HL Deb 09 December 1920 vol 39 cc16-20

THE LORD ARCHBISHOP OF CANTERBURY rose to move to resolve—

That in accordance with the Church of England Assembly (Powers) Act, 1919, this House do direct that the Convocations of the Clergy Measure, 1920, be presented to His Majesty for Royal Assent.

The most rev. Primate said: My Lords, I wish to say a very few words of explanation to remind those of your Lordships who may have forgotten the details of the procedure we are now following. We are taking at this moment the first step to give effect in Parliament to the Act which was passed exactly a year ago. In moving the Second Reading of the Bill I spoke of it then as being a measure to enable the Church of England to do its work more speedily and better. That is exactly what we shall be beginning to do by passing this Resolution, if the Resolution is similarly passed in the House of Commons, and the Royal Assent, as will then doubtless be the case, is given.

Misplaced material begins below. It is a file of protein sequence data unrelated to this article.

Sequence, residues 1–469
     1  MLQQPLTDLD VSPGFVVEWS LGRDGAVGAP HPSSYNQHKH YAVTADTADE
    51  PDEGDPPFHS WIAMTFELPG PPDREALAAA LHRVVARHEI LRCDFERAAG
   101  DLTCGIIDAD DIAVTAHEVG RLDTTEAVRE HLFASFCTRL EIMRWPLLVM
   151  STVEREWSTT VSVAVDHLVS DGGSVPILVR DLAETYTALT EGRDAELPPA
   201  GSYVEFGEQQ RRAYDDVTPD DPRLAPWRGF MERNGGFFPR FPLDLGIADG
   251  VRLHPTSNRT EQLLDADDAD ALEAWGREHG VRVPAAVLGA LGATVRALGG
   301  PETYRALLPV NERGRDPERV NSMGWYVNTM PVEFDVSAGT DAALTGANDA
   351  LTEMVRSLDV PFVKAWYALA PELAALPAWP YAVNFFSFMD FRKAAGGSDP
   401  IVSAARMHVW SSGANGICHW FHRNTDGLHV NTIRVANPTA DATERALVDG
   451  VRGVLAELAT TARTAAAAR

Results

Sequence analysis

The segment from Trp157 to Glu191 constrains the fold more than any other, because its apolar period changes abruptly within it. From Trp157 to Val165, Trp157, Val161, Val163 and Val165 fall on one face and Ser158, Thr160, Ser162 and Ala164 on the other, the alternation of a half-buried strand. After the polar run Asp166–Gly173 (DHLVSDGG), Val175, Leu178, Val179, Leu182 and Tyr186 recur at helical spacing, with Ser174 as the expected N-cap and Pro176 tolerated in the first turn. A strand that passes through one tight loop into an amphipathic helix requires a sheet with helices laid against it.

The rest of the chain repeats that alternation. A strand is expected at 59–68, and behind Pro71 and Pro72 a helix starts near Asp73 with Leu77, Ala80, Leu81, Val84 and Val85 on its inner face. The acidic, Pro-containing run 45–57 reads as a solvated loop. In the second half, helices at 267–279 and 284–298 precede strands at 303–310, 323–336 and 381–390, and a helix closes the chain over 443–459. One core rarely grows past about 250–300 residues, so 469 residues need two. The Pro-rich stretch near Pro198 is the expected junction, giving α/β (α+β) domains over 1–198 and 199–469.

I would remind your Lordships that the constitutional facts of the procedure as laid down in the Act of Parliament are these. An Assembly of Bishops, clergy, and laity is given authority to act in a particular way. When it desires a measure to become law the Assembly, which is a preponderatingly lay body, must first pass that measure through its own Assembly. The National Assembly consists of 291 clergy and 356 laymen, so that it can in no sense be called a preponderatingly clerical body. If that Assembly passes a Bill through its own ranks the Bill is sent, by what is called the Legislative Committee of the Assembly, to the Ecclesiastical Committee of the two Houses of Parliament. That Ecclesiastical Committee consists of fifteen noble Lords appointed from this House by the Lord Chancellor, and fifteen members of the House of Commons appointed by the Speaker. That body now exists and has the advantage of having as chairman the noble Viscount, Lord Cave. To that body the measure which has passed through the Assembly has to be transmitted, and so in this case the Bill has been transmitted. According to the Act of Parliament— After considering the measure, the Ecclesiastical Committee shall draft a Report thereon to Parliament stating the nature and legal effect of the measure and its views as to the expediency thereof, especially with relation to the constitutional rights of all His Majesty's subjects. The Ecclesiastical Committee shall communicate its Report in draft to the Legislative Committee, but shall not present it to Parliament until the Legislative Committee signify its desire that it should be so presented. The draft Report agreed to by the Ecclesiastical Committee was, in accordance with the Act, duly sent to the Legislative Committee of the National Assembly of the Church of England. That body considered it and returned it to the Ecclesiastical Committee, with the request that further proceedings should be taken and it should go forward. The Report accordingly lies upon the Table of your Lordships' House and has been circulated to all your Lordships.